2. Lincoln Chafee: Answering a call that no one heard but him, Lincoln Chaffee -- a Republican-turned-independent-turned-Democrat and former mayor-turned-Rhode Island senator-turned Rhode Island governor -- announced back in April that he was sniffing around the possibility of making a White House run. In his announcement video, Chafee stressed "level-headedness and careful foresight," but Yahoo News' Matt Bai offered some suspicions that something a bit more spicy was afoot: "Chafee’s main motive seems to be that he just can’t stomach the idea of Clinton, his former colleague in the Senate, as an interventionist president in an unstable world. He sees very little difference, substantively, between her and her predecessor as secretary of state, Condoleezza Rice."
When will Chafee announce? Tomorrow! June 3. Katy bar the door, etc.

3. Chris Christie: Once considered one of the bright and boisterous lights of the GOP's future, Christie has spent the bulk of his post-election time working behind the scenes for the Republican Governors Association and weathering the leaden weight of scandal and unmet expectations. Consequently, he's probably done more and better work burnishing the shine of some of his key rivals than he's done for himself. By the time he hit CPAC, he was in full "declining prizefighter" mode, and as recently as a fortnight ago he was getting eviscerated by his state's largest newspaper. In the past few days, Christie's been working hard to reconnect with the issues that matter to the GOP's national base, but a recent return to his famously unpresidential comportment reeks of "trying too hard."
When will Christie announce? "Next month" is the latest.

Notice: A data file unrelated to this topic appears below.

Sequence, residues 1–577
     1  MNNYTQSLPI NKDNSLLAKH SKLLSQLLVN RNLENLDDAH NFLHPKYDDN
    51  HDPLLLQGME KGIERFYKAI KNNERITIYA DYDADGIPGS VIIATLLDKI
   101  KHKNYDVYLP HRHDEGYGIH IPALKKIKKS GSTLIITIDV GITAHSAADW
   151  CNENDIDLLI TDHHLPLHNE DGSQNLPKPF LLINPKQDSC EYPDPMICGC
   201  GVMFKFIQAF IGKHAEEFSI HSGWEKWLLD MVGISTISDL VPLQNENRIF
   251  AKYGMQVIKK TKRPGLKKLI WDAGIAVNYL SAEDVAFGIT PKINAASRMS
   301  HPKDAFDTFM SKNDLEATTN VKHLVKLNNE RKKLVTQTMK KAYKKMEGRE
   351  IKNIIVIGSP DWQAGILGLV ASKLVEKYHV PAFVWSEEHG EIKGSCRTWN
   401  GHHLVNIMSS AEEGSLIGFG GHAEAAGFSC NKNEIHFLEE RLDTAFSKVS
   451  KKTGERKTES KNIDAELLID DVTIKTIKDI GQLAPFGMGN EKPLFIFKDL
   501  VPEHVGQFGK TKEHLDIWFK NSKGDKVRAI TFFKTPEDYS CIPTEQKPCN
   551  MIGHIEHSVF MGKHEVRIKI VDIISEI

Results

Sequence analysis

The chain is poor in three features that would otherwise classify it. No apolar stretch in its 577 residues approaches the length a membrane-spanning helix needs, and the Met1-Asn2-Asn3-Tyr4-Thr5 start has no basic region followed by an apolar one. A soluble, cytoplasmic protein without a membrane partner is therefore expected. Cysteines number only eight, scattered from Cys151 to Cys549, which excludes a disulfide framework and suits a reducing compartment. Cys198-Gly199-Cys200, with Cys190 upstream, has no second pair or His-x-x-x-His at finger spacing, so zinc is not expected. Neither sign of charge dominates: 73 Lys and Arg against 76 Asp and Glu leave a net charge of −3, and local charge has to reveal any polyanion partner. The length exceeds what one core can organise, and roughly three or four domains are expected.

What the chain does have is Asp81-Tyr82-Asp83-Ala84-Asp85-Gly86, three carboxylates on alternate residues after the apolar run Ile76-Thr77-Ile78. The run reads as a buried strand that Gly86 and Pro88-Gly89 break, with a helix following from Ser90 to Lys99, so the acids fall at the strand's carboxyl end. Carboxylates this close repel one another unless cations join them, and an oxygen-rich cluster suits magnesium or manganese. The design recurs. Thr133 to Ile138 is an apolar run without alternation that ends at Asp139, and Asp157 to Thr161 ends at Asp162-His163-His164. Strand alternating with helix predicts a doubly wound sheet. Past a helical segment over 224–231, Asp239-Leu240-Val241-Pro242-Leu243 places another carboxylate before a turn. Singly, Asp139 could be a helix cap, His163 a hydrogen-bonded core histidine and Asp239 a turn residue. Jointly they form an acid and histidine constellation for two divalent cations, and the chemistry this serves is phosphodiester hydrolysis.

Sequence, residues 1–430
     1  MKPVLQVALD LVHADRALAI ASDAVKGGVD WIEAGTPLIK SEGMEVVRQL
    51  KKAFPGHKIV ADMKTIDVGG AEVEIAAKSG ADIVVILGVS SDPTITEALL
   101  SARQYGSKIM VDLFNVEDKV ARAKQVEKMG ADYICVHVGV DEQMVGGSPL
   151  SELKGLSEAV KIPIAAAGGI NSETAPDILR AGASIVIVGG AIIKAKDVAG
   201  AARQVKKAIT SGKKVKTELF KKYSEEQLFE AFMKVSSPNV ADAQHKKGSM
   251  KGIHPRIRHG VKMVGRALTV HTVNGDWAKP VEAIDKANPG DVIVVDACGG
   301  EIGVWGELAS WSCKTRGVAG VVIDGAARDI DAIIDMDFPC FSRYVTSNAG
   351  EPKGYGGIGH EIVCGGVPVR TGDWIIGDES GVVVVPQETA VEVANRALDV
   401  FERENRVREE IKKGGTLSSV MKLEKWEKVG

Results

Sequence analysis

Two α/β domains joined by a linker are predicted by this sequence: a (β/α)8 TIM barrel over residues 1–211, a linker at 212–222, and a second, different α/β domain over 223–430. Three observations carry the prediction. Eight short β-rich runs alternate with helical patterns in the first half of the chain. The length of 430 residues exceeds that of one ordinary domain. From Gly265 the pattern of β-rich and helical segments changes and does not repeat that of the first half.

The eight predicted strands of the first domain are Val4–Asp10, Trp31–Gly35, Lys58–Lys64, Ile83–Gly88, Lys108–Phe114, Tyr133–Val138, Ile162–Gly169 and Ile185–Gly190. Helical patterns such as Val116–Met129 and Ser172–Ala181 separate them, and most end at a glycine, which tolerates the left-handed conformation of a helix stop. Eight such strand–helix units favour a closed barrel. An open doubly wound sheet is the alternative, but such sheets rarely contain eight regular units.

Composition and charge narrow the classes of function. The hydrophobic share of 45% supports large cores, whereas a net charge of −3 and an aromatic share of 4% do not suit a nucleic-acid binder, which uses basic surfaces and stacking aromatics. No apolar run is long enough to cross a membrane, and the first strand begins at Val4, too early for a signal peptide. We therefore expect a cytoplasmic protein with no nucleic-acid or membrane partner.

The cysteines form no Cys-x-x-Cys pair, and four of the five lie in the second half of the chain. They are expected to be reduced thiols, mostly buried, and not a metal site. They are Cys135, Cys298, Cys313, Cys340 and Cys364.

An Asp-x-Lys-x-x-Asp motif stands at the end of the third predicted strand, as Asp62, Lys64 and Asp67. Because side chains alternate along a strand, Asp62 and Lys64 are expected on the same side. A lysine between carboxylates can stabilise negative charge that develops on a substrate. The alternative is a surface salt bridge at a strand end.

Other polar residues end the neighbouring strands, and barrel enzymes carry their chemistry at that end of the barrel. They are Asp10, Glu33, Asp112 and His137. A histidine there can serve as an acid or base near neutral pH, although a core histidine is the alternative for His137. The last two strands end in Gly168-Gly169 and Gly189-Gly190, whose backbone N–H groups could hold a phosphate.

4. Bobby Jindal: As bad as Christie's had it lately, if there's one guy who might yet be envious of his standing, it's his Louisiana counterpart. Heck, Christie's polling numbers alone are four times what Jindal has been able to manage. And Jindal's facing nothing but sad emo poetry at home -- as the Baton Rouge Advocate's Gregory Roberts recently reported, "What's likely a bigger issue for Jindal is the state of his state, with Louisiana's budget problems and Jindal's unpopularity ... causing difficulties for him on the national stage." The Cook Political Report's Charlie Cook concurs, saying, "It sure wouldn't look good to jump into a race when your job-approval rating back home is 27 or 28 percent." Chasing that elusive 29th percent, Jindal's latest schtick has been trolling Rand Paul on a regular basis.
When will Jindal announce? Sometime in June, after Louisiana's legislative session ends.

5. John Kasich: The Ohio governor has been making a name for himself as someone who, if nothing else, likes to talk about the possibility that he might run for president. The move seemed more certain than ever back in April, after he launched a 527 group with the influential former New Hampshire Sen. John E. Sununu at the helm. In the early part of his explorations, Kasich presented a fairly compelling figure -- a heart-on-the-sleeve type and a deeply religious Catholic with a serious yen for populist talk. Since then, that niche has come to be occupied by Mike Huckabee and Rick Santorum. Now, what's most unique about Kasich is the thing the GOP base is likely to find unsatisfactory -- his willingness to protect the most vulnerable Ohioans by expanding Medicaid.